CCS is also endeavoring to partner with community agencies, and Jackson has recommended creating two new positions — a community engagement coordinator and an excellence & opportunity instructional coordinator — to address the issues that led to the J.S. Waters incident.
Finally, Poston said, the school system is dedicated to improving its messaging among students, faculty, staff and the larger community with regard to its commitment to equity.
Other meeting business
• In other business, the school board unanimously approved $24,000 in funding for a phonics initiative called “fundations” — a multisensory, systematic phonics, spelling and handwriting program for K-3 students, according to the software developer’s website.
Moran stated the school system is complying with SB387, the Excellent Public Schools Act of 2021, which mandates that protocols and interventions must be in place to assist all North Carolina students with the science of reading.
Carla Murray, the school system’s executive director for elementary and middle grades instruction, said “fundations” was by far the most consistent of all the literacy programs school officials considered and that the software’s professional development opportunities made it the standout literacy program.
• Moran also announced the school system had been awarded more than $312,000 in school safety grants. The board unanimously approved a resolution to spend the funds on improved security cameras in schools.
• Tony Messer, Chatham County Schools’ chief finance officer, presented a proposed $41.3 million budget for local expenditures. Messer said that with regard to total funding per pupil, Chatham County ranks 48th out of 116 school districts across the state.
Messer added that it costs the school system $1 million to fund 13.1 teaching positions, thus a significant piece of the overall budget is dedicated to teacher salaries. The board unanimously adopted the $41.3 million budget.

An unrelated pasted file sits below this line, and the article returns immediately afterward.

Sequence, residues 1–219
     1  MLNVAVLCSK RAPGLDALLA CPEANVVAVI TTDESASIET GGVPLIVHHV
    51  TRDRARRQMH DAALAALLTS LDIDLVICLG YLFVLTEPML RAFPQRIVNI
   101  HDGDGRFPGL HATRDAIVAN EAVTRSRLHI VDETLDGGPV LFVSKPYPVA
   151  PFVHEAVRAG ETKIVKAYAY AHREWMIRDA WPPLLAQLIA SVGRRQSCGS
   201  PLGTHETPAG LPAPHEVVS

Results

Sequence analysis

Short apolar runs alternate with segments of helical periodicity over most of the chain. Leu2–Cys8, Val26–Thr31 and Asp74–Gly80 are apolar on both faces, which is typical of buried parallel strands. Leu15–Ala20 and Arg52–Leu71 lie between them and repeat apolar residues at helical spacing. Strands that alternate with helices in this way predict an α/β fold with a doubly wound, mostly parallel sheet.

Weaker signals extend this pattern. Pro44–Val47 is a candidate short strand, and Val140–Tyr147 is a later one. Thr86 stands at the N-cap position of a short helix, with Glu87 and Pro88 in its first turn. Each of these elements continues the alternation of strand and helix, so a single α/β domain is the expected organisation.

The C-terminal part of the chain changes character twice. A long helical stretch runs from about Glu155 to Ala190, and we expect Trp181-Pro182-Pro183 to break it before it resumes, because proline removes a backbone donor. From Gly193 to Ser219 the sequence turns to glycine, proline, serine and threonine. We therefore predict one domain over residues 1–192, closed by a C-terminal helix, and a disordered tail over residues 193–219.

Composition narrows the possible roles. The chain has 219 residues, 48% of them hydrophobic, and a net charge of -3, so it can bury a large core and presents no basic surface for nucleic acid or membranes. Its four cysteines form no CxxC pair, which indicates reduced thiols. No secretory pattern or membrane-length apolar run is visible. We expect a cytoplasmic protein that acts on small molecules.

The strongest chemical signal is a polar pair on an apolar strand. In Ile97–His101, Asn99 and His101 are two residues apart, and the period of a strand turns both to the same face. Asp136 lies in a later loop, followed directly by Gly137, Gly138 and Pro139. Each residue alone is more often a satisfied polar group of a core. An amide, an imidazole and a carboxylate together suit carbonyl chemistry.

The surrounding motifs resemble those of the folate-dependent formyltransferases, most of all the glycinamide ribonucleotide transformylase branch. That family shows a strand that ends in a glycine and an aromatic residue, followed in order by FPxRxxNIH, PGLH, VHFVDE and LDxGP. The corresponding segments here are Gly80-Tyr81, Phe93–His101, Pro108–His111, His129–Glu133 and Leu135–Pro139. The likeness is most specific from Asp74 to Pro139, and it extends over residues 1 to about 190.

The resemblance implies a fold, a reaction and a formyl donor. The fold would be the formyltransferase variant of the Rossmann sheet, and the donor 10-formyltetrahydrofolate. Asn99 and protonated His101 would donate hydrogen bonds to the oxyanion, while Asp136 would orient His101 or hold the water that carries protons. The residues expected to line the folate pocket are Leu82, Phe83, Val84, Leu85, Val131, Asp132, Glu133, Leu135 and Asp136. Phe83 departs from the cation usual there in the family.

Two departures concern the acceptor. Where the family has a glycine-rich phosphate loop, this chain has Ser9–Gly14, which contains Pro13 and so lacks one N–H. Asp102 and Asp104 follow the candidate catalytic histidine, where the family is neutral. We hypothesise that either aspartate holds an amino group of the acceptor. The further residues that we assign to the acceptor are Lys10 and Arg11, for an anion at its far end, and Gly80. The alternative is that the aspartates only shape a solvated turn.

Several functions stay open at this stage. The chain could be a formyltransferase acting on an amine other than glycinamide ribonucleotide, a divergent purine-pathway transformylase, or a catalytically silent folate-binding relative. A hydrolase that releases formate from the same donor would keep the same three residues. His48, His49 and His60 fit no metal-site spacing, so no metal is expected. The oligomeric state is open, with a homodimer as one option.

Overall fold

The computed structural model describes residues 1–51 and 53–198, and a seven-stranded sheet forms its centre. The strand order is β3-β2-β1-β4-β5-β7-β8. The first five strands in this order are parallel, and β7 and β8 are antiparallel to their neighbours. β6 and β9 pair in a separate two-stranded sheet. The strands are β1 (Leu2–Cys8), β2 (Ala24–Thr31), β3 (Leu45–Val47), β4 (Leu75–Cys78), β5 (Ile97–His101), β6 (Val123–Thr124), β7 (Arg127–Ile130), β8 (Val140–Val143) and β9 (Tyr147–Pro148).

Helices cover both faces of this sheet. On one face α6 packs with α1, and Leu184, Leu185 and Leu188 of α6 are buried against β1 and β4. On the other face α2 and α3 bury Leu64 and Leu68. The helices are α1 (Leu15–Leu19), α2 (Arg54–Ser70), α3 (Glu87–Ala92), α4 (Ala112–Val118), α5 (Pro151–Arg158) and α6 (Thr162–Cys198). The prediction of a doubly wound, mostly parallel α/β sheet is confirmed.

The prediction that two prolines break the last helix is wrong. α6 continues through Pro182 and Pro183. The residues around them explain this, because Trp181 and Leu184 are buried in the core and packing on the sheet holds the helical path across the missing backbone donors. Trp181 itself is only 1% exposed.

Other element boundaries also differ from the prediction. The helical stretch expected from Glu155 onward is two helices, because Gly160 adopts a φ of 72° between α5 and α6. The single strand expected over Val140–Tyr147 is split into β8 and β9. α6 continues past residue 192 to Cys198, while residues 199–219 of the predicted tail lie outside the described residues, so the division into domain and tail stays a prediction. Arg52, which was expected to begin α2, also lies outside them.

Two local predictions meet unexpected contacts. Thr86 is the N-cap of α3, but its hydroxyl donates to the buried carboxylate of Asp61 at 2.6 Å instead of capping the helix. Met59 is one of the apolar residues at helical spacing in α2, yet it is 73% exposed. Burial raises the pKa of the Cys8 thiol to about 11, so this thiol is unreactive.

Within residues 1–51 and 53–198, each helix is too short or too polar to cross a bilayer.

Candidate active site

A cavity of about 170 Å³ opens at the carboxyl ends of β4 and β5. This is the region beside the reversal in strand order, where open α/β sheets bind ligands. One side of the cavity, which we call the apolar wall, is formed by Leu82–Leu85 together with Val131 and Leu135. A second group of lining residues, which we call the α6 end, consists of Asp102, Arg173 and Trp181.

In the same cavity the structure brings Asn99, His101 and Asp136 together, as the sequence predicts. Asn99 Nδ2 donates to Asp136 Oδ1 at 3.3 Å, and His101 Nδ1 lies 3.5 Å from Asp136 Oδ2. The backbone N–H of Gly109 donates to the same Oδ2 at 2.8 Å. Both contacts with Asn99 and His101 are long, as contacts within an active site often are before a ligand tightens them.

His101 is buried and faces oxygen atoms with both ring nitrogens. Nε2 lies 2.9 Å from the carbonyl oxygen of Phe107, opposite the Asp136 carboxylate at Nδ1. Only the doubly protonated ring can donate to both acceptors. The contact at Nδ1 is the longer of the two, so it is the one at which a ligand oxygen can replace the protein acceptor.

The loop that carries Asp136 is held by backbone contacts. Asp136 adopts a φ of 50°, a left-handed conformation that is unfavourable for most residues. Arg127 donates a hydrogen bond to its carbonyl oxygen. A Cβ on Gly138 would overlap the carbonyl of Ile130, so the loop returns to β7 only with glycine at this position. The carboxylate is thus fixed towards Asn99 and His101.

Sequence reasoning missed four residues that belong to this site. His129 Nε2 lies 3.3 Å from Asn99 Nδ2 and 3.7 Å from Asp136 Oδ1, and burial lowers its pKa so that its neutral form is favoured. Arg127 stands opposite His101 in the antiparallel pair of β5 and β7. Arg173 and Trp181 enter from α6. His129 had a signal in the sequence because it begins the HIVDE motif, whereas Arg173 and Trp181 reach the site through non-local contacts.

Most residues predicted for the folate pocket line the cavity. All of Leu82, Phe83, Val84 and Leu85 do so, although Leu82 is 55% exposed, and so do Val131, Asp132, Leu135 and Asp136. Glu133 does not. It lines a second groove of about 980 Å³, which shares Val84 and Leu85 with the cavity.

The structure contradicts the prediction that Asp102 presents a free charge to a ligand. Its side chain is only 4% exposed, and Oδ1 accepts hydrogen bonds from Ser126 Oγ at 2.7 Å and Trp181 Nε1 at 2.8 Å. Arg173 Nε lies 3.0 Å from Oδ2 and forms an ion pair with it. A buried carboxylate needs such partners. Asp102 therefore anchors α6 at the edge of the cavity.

• During the public comments portion of the meeting, Justin Lessler, a concerned parent, recounted four occasions in recent months where the bus that transports his child to and from Pittsboro Elementary has either been extremely late or canceled altogether. Lessler suggested the school system implement technology that can provide parents with accurate answers when they inquire about the status of a specific bus.
“I recognize this is a trying time for staffing and late and canceled buses are probably inevitable right now, but it doesn’t seem like a lot to ask that in this age of convenient, digital communication that we have some advance warning,” Lessler said. “We should be able to call and get accurate information (about) where a child is supposed to be when we call the school.”
Mark Simmons Jr. proposed the school board reach out to the N.C. National Guard and request their assistance with bus driving and substitute teaching needs in the district.
“What better way to serve your community other than to help get kids to school?” Simmons said. “And it would be great for the morale of the teachers to know they have soldiers at school to help support them.”
• Finally, Chris Blice, assistant superintendent for operations, honored the members of the Northwood High School girls basketball team and their head coach, Kerri Snipes. Last month, the Lady Chargers defeated Enka, 70-42, in the N.C. High School Athletic Association 3A title game. The resounding victory, Blice said, marked the school’s first-ever state basketball championship.